The Rummer and Grapes Lodge was, unlike the other three London Lodges that formed Premier Grand Lodge, mainly a speculative, as opposed to operative Lodge.

It was close to the Palace of Westminster and had many influential members. It was, without doubt, the most important of the four founding Lodges.

In the 1720s, more than thirteen members were aristocrats; approximately twenty were members of The Royal Society; over twenty were magistrates, and almost a third were members of Parliament.

A number held active or honorary military rank, including two general officers and at least ten colonels.

Five of the leading members had direct blood links to the Crown; four were grandsons of Charles II. This was the pedigree of the Lodge to which Joseph Banks was initiated.

Various scholars have attempted to establish the date of his initiation into The Horne Lodge.

Robert Freke Gould confirmed that he was a member of ‘The Olde Horne Inn No 4’ in his History of Freemasonry.

A closer approximation of the date of Banks’ initiation can be made by reference to his contemporary Freemasons, such as Thomas Dunkerley (the natural son of George III), Lord Gormastone, Viscount Hampden, James Heseltine, and Admiral Peter Parker, for instance.

Banks may have joined the lodge when he was at Oxford University, though one might have expected that he would have achieved some of his scientific accomplishments, which the Lodge authorities might have deemed a necessary qualification for being admitted into the august body of Horne lodge No. 4.

He came from a wealthy aristocratic family and was elected a member of The Royal Society in 1766. Whatever the situation, we should accept the assessment of John Hamill, former curator of The Library and Museum of Freemasonry at Great Queen Street, that Joseph Banks was initiated into Freemasonry ‘prior to 1768’.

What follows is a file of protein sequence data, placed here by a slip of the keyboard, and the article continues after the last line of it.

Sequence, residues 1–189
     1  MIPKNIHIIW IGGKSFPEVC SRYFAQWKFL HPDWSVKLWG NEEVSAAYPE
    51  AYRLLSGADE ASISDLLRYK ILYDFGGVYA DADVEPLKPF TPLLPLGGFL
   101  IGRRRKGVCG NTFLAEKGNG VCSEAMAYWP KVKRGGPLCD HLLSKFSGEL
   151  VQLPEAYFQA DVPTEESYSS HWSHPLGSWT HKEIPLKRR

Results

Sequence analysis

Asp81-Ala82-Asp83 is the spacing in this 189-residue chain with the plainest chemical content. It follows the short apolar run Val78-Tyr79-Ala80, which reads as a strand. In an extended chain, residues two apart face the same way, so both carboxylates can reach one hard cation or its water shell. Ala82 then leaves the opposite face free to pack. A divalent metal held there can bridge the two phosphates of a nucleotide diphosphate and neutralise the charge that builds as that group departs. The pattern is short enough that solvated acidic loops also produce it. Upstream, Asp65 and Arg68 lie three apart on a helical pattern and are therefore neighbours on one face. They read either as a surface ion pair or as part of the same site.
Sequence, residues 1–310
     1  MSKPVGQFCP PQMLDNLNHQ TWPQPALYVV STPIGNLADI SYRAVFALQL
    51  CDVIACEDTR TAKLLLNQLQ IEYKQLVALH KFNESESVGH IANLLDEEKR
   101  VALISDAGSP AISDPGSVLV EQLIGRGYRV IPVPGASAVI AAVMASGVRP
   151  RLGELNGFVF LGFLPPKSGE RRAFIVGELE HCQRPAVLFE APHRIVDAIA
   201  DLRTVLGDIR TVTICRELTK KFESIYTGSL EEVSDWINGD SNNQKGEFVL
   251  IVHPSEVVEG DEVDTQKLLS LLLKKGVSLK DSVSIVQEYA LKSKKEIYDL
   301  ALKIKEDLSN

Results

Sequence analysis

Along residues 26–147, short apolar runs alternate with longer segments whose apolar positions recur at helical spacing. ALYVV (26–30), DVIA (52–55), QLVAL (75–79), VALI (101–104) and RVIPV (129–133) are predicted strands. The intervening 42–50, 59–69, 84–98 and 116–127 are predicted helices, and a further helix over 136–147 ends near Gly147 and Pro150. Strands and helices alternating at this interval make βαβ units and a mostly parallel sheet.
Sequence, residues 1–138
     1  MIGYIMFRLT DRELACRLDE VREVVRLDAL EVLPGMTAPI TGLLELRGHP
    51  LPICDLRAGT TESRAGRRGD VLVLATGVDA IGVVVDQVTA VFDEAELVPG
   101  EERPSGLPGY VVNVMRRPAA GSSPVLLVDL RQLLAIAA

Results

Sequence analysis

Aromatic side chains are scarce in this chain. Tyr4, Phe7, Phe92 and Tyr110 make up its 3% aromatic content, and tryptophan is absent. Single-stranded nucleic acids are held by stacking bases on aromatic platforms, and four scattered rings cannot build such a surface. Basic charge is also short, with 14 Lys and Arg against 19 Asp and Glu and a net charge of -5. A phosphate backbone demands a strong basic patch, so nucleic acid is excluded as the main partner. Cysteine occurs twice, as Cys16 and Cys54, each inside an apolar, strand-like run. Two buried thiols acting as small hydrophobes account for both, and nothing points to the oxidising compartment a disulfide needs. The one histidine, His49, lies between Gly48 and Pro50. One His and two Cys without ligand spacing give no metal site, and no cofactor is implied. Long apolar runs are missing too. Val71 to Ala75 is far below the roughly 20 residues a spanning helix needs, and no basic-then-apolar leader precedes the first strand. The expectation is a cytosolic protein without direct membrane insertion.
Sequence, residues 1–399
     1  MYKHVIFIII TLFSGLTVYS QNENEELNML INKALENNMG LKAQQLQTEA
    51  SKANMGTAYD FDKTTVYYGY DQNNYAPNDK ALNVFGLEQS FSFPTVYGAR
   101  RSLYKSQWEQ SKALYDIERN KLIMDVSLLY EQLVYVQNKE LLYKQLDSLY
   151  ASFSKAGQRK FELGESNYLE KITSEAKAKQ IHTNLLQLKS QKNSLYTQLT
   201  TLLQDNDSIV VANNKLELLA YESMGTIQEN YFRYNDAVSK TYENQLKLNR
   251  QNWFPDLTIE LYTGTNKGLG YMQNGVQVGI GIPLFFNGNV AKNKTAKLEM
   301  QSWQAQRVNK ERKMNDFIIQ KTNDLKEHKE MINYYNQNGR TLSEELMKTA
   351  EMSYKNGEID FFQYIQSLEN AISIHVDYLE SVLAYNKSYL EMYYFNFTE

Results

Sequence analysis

Thus, he was definitely a Freemason when he set foot on Australia.

Masonic correspondence has established that he was a member of Lodge Witham, in the Province of Lincolnshire, in March 1801.

He remained a member until his death on 19 June 1820. Indeed he was approached by Samuel Thorold in 1801, with a plea for Banks to become Deputy Grand Master of the Province, due to the neglect shown by the then incumbent.

Not surprisingly, Banks declined on account of his affliction with gout, and the many commitments that he had in the scientific world, not the least being his presidency of The Royal Society.

Not surprisingly, some Lodges have been named after him: Sir Joseph Banks Daylight Lodge No 9828(Lincolnshire) and Lodge Sir Joseph Banks No 300 (New South Wales).

His reputation runs high in Australia, which regards him as the father of the nation.

The Society of the Dilettanti

Banks had hoped to join Cook’s second voyage due to start on 13 May 1772, but the Admiralty objected to Banks’ requirement for scientific and other items and withdrew his permission to sail.

However, he wasn’t deterred and organised an expedition with Solander aboard the ship Sir Lawrence to the Isle of Wight, the western islands of Scotland and Ireland.